Production of Surveillance

November 29, 2009, Kitchener, Ontario

Posted by: Robert Deutschmann, Personal Injury Lawyer

Arbitrator: Robert Bujold
Decision Date: August 11, 2009

Salvatore Suppa was injured in a motor vehicle accident on August 7, 2006. He applied for and received statutory accident benefits from Motor Vehicle Accident Claims Fund ("MVAC Fund"). MVAC Fund refused to pay a non-earner benefit to Mr. Suppa as well as the cost of an orthopaedic examination. The parties were unable to resolve their disputes through mediation, and Mr. Suppa applied for arbitration.

At the pre-hearing discussion on June 16, 2009, Mr. Suppa sought production of all surveillance that existed as well as forthwith production of any future surveillance that would be conducted. MVAC Fund refused to confirm whether any surveillance existed and further submitted that it only had to produce surveillance upon which it intended to rely. The parties were unable to resolve this issue.

The issue of the hearing was to determine if MVAC Fund was required to produce surveillance or investigative evidence whether or not it intended to rely on the evidence. Also, the hearing was to determine if MVAC Fund was required to disclose the existence of surveillance or investigative evidence whether or not it intended to rely on the evidence.

MVAC Fund resisted Mr. Suppa's requests including disclosure of whether any surveillance existed. MVAC Fund took the position that its obligation to produce surveillance or investigative evidence only arises when it decides to rely on any portion of surveillance or investigative evidence.

 
The arbitrator agreed with MVAC Fund that it was not obligated to produce surveillance or investigative evidence nor disclose its existence, unless and until it decides to rely on the evidence. If MVAC Fund intended to rely on any portion of surveillance or investigative evidence, then, at least 30 days before the hearing, it had to provide to Mr. Suppa all surveillance or investigative evidence and information required to be produced pursuant to Rule 40 of the Dispute Resolution Practice Code.

The insurer's production obligation only arises when it decides to rely on any portion of surveillance or investigative evidence.

For the reasons outlined in Poirier, Vo, Boyer and Hejnowicz, the arbitrator found himself bound by the decisions of the Director's Delegates on matters of interpretation, including the interpretation of the Code governing the dispute resolution process. Whether stare decisis (to abide by previously made decisions in the court) is to be regarded as a matter of law or convention, it makes practical sense that arbitrators at FSCO should follow the decisions of the Director's Delegates. Appeal decisions bring a certain measure of consistency and predictability to the law that is of benefit to both the parties and the administration of justice. Those laudable purposes would be thwarted should arbitrators find themselves free not to follow decisions of the Director (or his Delegates) in the exercise of the Director's legislated power to review the decisions of arbitrators of first instance.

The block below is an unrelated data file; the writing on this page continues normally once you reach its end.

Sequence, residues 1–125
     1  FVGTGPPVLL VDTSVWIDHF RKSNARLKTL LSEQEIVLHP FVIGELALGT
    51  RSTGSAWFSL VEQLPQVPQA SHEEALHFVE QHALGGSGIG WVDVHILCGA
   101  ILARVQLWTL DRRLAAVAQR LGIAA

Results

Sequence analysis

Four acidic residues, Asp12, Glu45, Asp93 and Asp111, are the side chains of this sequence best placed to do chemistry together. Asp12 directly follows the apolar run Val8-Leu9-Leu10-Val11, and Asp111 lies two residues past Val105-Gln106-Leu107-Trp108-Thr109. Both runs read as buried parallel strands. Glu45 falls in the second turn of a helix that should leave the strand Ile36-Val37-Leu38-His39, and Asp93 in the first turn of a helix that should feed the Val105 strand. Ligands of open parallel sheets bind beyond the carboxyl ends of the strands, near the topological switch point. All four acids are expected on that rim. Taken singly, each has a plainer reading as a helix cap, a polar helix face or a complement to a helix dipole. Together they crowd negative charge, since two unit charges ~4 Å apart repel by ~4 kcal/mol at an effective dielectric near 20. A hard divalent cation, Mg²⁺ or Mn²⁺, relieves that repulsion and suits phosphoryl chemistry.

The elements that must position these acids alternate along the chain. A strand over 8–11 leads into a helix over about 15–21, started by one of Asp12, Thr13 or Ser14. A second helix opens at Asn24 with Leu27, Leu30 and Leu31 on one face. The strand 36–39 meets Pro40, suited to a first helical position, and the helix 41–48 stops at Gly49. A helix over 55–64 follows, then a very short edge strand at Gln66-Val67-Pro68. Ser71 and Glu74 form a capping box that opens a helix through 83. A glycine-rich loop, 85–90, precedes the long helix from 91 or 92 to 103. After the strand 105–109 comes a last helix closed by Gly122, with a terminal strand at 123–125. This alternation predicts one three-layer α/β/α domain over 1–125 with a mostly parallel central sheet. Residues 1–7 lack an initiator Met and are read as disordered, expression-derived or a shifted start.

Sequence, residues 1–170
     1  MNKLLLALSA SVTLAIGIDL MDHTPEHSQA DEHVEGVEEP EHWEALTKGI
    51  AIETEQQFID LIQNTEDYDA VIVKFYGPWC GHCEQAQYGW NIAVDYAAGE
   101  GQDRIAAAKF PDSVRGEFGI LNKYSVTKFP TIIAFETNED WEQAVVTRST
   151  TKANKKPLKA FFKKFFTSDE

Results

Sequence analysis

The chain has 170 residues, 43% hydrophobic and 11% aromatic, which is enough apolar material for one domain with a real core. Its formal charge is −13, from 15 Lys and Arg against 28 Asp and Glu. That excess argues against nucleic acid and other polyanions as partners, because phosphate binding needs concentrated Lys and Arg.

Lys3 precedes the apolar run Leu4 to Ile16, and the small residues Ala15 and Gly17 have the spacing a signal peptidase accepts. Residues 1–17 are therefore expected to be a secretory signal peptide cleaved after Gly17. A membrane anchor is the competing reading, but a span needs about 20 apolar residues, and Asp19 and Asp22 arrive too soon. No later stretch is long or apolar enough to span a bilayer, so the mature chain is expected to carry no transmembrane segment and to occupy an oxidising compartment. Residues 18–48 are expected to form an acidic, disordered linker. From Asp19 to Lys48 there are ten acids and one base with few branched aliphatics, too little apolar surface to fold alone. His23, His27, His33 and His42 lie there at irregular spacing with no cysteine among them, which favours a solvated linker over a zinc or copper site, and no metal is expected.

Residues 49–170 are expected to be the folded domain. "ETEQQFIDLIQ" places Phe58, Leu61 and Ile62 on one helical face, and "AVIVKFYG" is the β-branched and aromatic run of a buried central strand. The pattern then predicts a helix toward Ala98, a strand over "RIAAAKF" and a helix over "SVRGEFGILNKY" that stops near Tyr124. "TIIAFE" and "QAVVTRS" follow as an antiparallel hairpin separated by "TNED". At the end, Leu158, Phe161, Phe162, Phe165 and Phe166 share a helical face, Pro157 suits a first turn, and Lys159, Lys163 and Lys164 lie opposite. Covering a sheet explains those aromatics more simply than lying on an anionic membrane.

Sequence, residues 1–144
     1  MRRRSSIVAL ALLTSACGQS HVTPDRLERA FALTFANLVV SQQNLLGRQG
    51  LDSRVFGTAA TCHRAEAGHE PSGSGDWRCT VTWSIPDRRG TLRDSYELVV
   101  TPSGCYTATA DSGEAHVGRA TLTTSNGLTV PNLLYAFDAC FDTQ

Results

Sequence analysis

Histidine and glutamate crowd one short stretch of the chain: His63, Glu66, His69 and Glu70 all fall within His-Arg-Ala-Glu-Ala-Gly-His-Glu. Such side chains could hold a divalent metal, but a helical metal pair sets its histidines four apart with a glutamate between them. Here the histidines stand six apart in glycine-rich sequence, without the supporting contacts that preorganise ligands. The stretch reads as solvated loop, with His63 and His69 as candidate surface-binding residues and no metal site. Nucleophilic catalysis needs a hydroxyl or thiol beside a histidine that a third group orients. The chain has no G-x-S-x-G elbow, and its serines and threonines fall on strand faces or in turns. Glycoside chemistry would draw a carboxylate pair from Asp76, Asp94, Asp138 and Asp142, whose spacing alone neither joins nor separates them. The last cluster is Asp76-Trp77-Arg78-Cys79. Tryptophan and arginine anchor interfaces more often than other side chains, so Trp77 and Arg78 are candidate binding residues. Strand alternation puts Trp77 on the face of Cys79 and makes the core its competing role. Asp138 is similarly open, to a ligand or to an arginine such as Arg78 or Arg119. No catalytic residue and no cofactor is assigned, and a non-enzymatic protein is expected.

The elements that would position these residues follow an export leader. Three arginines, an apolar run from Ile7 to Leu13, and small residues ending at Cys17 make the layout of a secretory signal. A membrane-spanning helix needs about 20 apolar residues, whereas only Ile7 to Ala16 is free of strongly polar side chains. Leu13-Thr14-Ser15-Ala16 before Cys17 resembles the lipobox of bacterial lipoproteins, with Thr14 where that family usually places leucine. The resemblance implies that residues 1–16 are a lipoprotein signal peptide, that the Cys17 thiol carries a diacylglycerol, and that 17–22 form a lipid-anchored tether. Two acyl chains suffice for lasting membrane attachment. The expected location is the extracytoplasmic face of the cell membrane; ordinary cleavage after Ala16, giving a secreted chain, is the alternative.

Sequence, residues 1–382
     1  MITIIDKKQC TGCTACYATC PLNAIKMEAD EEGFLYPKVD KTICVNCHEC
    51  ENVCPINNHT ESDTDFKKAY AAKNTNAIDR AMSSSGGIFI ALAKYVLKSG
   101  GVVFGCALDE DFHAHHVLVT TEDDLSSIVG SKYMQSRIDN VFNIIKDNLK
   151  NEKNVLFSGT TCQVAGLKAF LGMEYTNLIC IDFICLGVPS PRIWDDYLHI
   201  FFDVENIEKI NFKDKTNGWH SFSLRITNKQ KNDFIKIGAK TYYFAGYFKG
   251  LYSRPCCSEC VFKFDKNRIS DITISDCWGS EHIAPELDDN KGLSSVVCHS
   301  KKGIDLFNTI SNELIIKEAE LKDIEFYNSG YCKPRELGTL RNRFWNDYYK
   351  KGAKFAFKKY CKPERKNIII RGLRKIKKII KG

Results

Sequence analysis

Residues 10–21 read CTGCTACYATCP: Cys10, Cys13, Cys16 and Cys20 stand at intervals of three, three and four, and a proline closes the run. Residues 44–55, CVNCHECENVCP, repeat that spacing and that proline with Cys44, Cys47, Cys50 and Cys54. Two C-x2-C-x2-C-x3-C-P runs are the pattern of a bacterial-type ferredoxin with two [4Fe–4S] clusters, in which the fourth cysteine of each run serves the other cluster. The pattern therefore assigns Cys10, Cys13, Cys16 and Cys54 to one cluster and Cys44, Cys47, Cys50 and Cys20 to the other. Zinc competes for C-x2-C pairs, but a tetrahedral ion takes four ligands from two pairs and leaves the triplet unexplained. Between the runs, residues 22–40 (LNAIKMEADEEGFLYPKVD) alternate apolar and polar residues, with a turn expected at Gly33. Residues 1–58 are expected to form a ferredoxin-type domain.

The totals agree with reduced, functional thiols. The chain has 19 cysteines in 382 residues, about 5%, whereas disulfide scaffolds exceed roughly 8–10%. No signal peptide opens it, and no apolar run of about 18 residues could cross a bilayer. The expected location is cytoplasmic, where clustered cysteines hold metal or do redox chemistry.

The arbitrator also agreed with Arbitrator Slotnick in Graham, that there is nothing in the Code that compelled MVAC Fund to disclose whether it had undertaken surveillance. Further, and apart from the fact that there is no positive obligation in the Code, it seemed that if surveillance or investigative evidence need not be disclosed unless the insurer intends to rely on some portion of it, then the existence of such evidence would also be subsumed by the same requirement. The arbitrator saw no point of making it a requirement that an insurer disclose the existence of surveillance when there is no concomitant requirement to produce it.

As an aside, the arbitrator did not accept that MVAC Fund should be subject to more limited disclosure requirements because it did not have a contract involving the exchange of consideration and return for insurance coverage. Although MVAC Fund may not have stood in exactly the same position to an applicant as other "insurers," the arbitrator found it both inappropriate and unnecessary to devise different standards of disclosure for first party insurers and Her Majesty. In any event, the arbitrator found that MVAC Fund was not required to disclose any surveillance, or even whether any surveillance was conducted, unless and until it decided to rely on surveillance or investigative evidence. The arbitrator found this to be the case for any "insurer" and it was not necessary to distinguish MVAC Fund from other first party insurers.

In conclusion, MVAC Fund was neither required to produce surveillance or investigative evidence nor disclose its existence, unless and until it decided to rely on the evidence. If MVAC Fund intended to rely on any portion of surveillance or investigative evidence, then, at least 30 days before the hearing, it would have to provide to Mr. Suppa all surveillance or investigative evidence and information required to be produced pursuant to Rule 40 of the Code.

Posted under Accident Benefit News, Automobile Accident Benefits, Car Accidents, Catastrophic Injury

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Deutschmann Law serves South-Western Ontario with offices in Kitchener-Waterloo, Cambridge, Woodstock, Brantford, Stratford and Ayr. The law practice of Robert Deutschmann focuses almost exclusively in personal injury and disability insurance matters. For more information, please visit www.deutschmannlaw.com or call us toll-free at 1-866-414-4878.

It is important that you review your accident benefit file with one of our experienced personal injury / car accident lawyers to ensure that you obtain access to all your benefits which include, but are limited to, things like physiotherapy, income replacement benefits, vocational retraining and home modifications.

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